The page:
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Often, tonsils and adenoids are surgically removed at the same time. Although you can see your tonsils by taking a mirror and looking in your throat, adenoids aren't directly visible. Doctors use a special scope to get a peek at the adenoids, and sometimes will order a head X-ray for a better idea of their size.

So, what are adenoids exactly? They're a mass of tissue, located in the passage that connects the back of the nasal cavity to the throat. Adenoids — which are different from the tonsils — filter out bacteria and viruses entering through the nose and produce antibodies to help the body fight infections.

Adenoids begin to shrink after about 5 years of age. They often practically disappear by the time you're a teen.

Symptoms of Enlarged Adenoids

Because adenoids trap germs that enter the body, adenoid tissue sometimes temporarily swells as it tries to fight off an infection.

Symptoms associated with enlarged adenoids include:

  • difficulty breathing through the nose
  • breathing through the mouth
  • talking as if the nostrils are pinched
  • breathing noisily
  • snoring
  • stopping breathing for a few seconds while sleeping (called sleep apnea)
  • ear infections or middle ear fluid that might make ear tube surgery necessary

If your doctor thinks you have enlarged adenoids, he or she might:

  • ask you how things feel in your ears, nose, and throat, and then examine these areas
  • feel your neck near your jaw

If an infection is suspected, your doctor may prescribe oral antibiotics.

When Is Surgery Necessary?

A doctor may recommend surgical removal of enlarged or infected adenoids if they're bothersome and medicine is not controlling the problem (this procedure is called an adenoidectomy).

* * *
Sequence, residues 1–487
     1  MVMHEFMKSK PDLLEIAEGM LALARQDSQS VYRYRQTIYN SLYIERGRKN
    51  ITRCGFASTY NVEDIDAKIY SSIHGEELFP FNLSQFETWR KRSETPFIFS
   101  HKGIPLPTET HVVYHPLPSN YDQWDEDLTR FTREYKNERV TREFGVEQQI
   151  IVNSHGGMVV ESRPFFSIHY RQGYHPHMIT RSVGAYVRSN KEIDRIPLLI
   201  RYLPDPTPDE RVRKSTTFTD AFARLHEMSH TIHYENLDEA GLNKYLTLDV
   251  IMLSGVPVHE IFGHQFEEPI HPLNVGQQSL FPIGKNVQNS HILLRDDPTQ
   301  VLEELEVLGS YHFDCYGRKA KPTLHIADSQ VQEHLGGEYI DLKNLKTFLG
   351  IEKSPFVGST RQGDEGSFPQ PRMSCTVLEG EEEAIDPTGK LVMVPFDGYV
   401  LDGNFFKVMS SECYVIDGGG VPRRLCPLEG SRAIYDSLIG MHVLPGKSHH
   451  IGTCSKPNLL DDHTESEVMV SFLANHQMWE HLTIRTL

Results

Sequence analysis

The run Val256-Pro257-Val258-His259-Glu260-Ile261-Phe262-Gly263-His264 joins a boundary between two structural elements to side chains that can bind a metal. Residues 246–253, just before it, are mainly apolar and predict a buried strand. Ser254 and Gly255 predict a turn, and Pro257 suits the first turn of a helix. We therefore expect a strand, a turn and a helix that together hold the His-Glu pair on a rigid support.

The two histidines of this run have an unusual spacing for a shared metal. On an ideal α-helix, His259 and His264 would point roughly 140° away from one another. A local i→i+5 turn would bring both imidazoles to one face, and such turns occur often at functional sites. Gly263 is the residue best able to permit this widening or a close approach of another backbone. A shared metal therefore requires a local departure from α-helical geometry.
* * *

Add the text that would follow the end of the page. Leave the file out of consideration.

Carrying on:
Surgery may be recommended if a person experiences one or more of the following:

  • difficulty breathing
  • sleep apnea
  • recurrent infections
  • the need for ear tubes

Having adenoids removed is especially important when repeated infections lead to sinus and ear infections. Badly swollen adenoids can interfere with the ability of the body to ventilate the middle ears. This can sometimes lead to infections or temporary hearing loss. Therefore, people whose infected adenoids cause frequent earaches and fluid buildup may need to get an adenoidectomy at the same time as ear tube surgery.

And although adenoids can be taken out without the tonsils, if someone has tonsil problems, the tonsils may need to be removed at the same time.

What Happens During the Surgery?

During an adenoidectomy:

  • The surgery will be performed in an operating room.
  • The patient receives general anesthesia. This means the patient is unconscious (or "asleep") during the operation, with no sensations, feeling of pain, awareness, movement, or memory of the surgery. Heart rate, breathing, and other body functions are monitored to be sure the person stays safe and healthy during the operation.
  • The surgery usually takes less than 20 minutes.
  • The surgeon can get to the adenoids (and tonsils if needed) through the patient 's open mouth — there's no need to cut any skin.

After an adenoidectomy, the patient will wake up in the recovery area. In most cases, a person can go home the same day of the surgery.

After Surgery

The typical recuperation after an adenoidectomy often involves several days of pain and discomfort.

In less than a week after surgery, everything should return to normal. The area where the adenoids were will be left to heal naturally, which means there are no stitches to worry about.

Reviewed by: Steven P. Cook, MD
Date reviewed: May 2013

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Related Resources:
American Academy of Sleep Medicine (AASM)
AASM strives to increase awareness of sleep disorders in public and professional communities.
American Sleep Apnea Association (ASAA)
The ASAA is dedicated to reducing injury, disability, and death from sleep apnea and to enhancing the well-being of those affected by this common disorder.